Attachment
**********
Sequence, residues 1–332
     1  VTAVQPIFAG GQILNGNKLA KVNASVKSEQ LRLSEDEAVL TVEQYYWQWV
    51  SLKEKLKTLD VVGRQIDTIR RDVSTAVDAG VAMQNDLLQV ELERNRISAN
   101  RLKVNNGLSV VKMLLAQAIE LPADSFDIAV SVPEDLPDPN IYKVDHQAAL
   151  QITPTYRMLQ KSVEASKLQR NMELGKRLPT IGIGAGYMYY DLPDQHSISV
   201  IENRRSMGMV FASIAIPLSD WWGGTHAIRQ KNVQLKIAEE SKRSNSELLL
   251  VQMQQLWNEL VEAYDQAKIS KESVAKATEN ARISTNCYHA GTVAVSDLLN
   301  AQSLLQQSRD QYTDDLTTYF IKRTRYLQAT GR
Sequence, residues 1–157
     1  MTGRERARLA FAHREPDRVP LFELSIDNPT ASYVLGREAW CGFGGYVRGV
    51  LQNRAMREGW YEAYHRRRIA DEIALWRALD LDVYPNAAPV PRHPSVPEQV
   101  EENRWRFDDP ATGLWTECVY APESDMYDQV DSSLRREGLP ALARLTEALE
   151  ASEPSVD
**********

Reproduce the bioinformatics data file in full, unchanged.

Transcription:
Sequence, residues 1–332
     1  VTAVQPIFAG GQILNGNKLA KVNASVKSEQ LRLSEDEAVL TVEQYYWQWV
    51  SLKEKLKTLD VVGRQIDTIR RDVSTAVDAG VAMQNDLLQV ELERNRISAN
   101  RLKVNNGLSV VKMLLAQAIE LPADSFDIAV SVPEDLPDPN IYKVDHQAAL
   151  QITPTYRMLQ KSVEASKLQR NMELGKRLPT IGIGAGYMYY DLPDQHSISV
   201  IENRRSMGMV FASIAIPLSD WWGGTHAIRQ KNVQLKIAEE SKRSNSELLL
   251  VQMQQLWNEL VEAYDQAKIS KESVAKATEN ARISTNCYHA GTVAVSDLLN
   301  AQSLLQQSRD QYTDDLTTYF IKRTRYLQAT GR
Sequence, residues 1–157
     1  MTGRERARLA FAHREPDRVP LFELSIDNPT ASYVLGREAW CGFGGYVRGV
    51  LQNRAMREGW YEAYHRRRIA DEIALWRALD LDVYPNAAPV PRHPSVPEQV
   101  EENRWRFDDP ATGLWTECVY APESDMYDQV DSSLRREGLP ALARLTEALE
   151  ASEPSVD